Poll shows Koreans back presence of U.S.A majority of Koreans say they believe the U.S. military presence in their country benefits national security and that any withdrawal of U.S. forces should be gradual, a recent poll shows.
In the same poll, Americans named Korea as the country that needs their troops the most.
The poll was conducted in the United States by the Chicago Council on Foreign Relations and in Korea by the East Asia Institute. Their results were released yesterday. The Korean institute surveyed 1,000 Korean adults and the Chicago council surveyed 1,645 Americans of which 450 are opinion leaders who are politicians and scholars.
According to the poll, 78 percent of South Koreans view the United States as helpful to the country's security and 60 percent said they support the role of U.S. forces in terms of regional stability.
When asked if U.S. forces should stay for an extended period, most South Koreans answered that the forces need to be withdrawn at some point, but not immediately. Thirteen percent said U.S. forces should remain indefinitely and 6 percent responded withdrawal should be immediate. A plurality of 43 percent said U.S. forces should be withdrawn gradually in stages and 38 percent said they should remain for a considerable period. In sum, 51 percent of those surveyed said U.S. troops should stay and 49 percent said they should be withdrawn either immediately or gradually.
Americans surveyed named Korea as the country where the United States should maintain troops for a long period: 62 percent supported the U.S. military presence in Korea, followed by Guantanamo Bay in Cuba (58%), Germany (57%), Japan (52%), Saudi Arabia (50%) and Afghanistan (47%).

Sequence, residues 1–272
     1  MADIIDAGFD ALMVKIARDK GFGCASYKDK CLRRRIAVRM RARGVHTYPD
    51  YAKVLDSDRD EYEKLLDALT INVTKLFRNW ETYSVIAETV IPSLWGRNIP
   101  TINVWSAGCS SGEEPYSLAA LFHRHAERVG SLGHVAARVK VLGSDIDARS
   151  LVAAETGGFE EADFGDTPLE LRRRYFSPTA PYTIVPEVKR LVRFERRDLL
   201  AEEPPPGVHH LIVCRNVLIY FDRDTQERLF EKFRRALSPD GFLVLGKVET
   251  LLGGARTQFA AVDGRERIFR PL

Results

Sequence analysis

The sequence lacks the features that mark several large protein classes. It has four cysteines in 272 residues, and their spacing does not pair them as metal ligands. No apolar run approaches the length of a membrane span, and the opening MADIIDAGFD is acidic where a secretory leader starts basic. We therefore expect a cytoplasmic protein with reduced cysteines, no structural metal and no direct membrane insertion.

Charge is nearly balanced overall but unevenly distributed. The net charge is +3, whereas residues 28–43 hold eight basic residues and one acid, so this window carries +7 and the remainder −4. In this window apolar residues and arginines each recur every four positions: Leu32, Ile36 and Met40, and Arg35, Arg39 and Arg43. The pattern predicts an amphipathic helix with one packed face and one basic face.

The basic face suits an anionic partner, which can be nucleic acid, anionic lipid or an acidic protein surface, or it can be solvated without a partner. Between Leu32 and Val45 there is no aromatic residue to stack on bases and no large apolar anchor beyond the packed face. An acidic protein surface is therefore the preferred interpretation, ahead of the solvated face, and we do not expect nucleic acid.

A majority of Americans said the United States should intervene if North Korea ever attacks the South. The desire to see a U.S. role in any war in Korea was higher for the opinion leaders, with 82 percent in favor, while only 43 percent of the general public agreed.
Koreans said they think the United States has more influence on their country's foreign policy than the Korean president or National Assembly. When asked what the greatest influence on foreign policy was, Koreans gave a 6.3 out of a 10-point scale to the Korean president and 5.8 point to the National Assembly. The score for the United States was 6.6.
The poll showed that Koreans appreciate America more than Americans esteem Korea. On a thermometer scale with 0 degrees meaning very cold and 100 degrees meaning very warm, and 50 degrees being neither cold nor warm, Koreas rated the United States warmly, giving 58 degrees. Americans' rating for Korea, however, was 49 degrees.
When asked which country Korea should be close to, 53 percent of Koreans named the United States, followed by China (24%), the European Union (10%), and Japan (4%).
Ninety percent of Koreans answered that the strategic alliance between the United States and Korea should remain after the reunification of the two Koreas.